The IRS requires all employers to report their employees’ wages and income taxes every year. If you are an employer, you are required to file Form 941, Employer’s Quarterly Federal Tax Return. Whether you are running a small business or managing payroll for your company, it is essential that you understand how to fill out this form and other necessities during tax season.
If you’re unsure where to start or you just don’t have time to manage your employment taxes this year, don’t hesitate to contact an employment tax returns attorney Sarasota, Florida. Here at the Law Offices of Mary E. King, we specialize in tax matters of all types and invite you to contact us if you need experienced guidance and direction.
The Basics of Filing
There are a lot of factors to consider when filing your taxes. Most importantly, you want to make sure you are thorough and complete because you can trust the IRS to be. Any discrepancies will come back on you, so it pays to get it right the first time. In doing so, you can avoid potential penalties and interest.
As you get your filing efforts in order, there are some basics you can implement to ensure accuracy and peace of mind. Let’s examine these basics below before moving on to more advanced discussion.
Get Organized: Keep track of your employees’ names, Social Security numbers, birthdates, addresses, phone numbers, and wages paid each quarter on a spreadsheet. This should make filling out the form much easier.
Be Thorough: Read through the instructions carefully before completing the form to avoid errors. There are several different line items on Form 941 which correspond to different types of payments made during the quarter.
Make sure that when you’re filling out each section of the form that you’re using the correct line item number in column B or column C for each type of payment made during that quarter.
Don’t Leave Fields Blank: Fill in Column A with zeros if there were no quarterly wages paid during that quarter, as this will help keep things organized when totaling up all your payments throughout the year in columns E-H(1). Moreover, you must also fill in columns I-J(2) with zeros if there were no total tax liability (taxable social security wages).
What Is Form 941?
Form 941 is a federal employment tax return that reports the wages and income taxes withheld from employees. It is filed quarterly by employers who must calculate and report employment taxes. Some organizations don’t have to file Form 941, such as:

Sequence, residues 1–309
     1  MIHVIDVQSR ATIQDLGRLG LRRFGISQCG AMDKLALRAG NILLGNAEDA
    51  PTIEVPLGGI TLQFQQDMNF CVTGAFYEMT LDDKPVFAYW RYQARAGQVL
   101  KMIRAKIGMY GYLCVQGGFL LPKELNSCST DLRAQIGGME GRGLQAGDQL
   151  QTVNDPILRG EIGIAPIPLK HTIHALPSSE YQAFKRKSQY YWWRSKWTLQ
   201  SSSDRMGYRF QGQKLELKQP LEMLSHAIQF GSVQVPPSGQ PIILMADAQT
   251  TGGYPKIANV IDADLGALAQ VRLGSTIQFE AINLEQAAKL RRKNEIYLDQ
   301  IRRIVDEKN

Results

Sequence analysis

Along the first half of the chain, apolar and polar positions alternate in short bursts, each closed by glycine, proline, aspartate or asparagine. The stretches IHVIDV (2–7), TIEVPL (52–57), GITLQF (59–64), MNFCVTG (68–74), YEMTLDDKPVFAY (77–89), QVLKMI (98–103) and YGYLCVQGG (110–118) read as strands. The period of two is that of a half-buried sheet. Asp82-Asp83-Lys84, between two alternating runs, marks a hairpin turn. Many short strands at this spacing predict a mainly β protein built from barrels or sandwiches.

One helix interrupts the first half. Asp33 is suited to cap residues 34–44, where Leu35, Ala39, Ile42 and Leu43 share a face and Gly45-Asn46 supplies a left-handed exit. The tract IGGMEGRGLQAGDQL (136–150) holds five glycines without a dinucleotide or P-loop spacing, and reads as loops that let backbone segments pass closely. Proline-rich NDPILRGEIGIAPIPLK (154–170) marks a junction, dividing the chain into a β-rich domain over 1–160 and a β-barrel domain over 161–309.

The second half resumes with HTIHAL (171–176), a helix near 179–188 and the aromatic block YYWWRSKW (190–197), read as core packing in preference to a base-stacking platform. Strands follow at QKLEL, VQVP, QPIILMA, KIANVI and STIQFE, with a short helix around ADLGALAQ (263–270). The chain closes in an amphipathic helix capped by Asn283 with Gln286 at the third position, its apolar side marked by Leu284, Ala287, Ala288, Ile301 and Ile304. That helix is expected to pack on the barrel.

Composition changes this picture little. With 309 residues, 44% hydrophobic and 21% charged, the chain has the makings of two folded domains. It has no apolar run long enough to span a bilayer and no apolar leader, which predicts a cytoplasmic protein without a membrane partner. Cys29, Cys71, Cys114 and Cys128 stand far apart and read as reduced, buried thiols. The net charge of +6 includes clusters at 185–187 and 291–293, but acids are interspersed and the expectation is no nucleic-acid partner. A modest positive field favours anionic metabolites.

1. Individuals who hire for housework
2. Those that hire farmworkers
3. Seasonal businesses
Keep in mind that if Form 941 applies to you and you don’t file it on time, you could be subject to penalties and interest charges. Follow these simple tips to help you file your employment tax returns:
1. Read the Instructions for Form 941 carefully and follow them step by step.
2. Make sure you have all your employee names and Social Security numbers.
3. Understand what type of taxes you need to pay and how much each tax is per person (e.g., federal income tax withholding, social security tax).
4. Fill out the form according to your understanding of what needs to be reported on the form and when it needs to be reported (quarterly or monthly).
5. Include any required attachments such as W-2s or 1099s with your form when you file it with the IRS.
Your diligence in completing Form 941 correctly will ensure a smooth filing process and help you stay on top of your tax responsibilities.
Storage Requirements for Records
The FLSA (Fair Labor Standards Act) requires that employers keep records of wages, hours, and other items for at least three years. These records are necessary for you to provide to the IRS if they ask for them. For Form 941, you’ll need to store your original tax return records and supporting documentation. If you no longer need these records, it’s highly recommended that you securely dispose of them by shredding them or burning them.
When Should You File?
When you file your Form 941, it’s due to the federal government every three months and must be filed by the last day of the appropriate month. If you are an employer, it is important that you complete this form on time. Failing to do so could result in penalties and fines. If you find that you are falling behind on your tax responsibilities, you should contact an employment tax returns attorney right away.
They can help you get on track so you can avoid potential penalties. Failure to do so will make it that much harder to get out of debt, which is never good for your business.
Contact the Law Offices of Mary E. King
The information in this blog post is for reference only and not legal advice. As such, you should not decide whether to contact a lawyer based on the information in this blog post. Moreover, there is no lawyer-client relationship resulting from this blog post, nor should any such relationship be implied. If you need legal counsel, please consult a lawyer licensed to practice in your jurisdiction.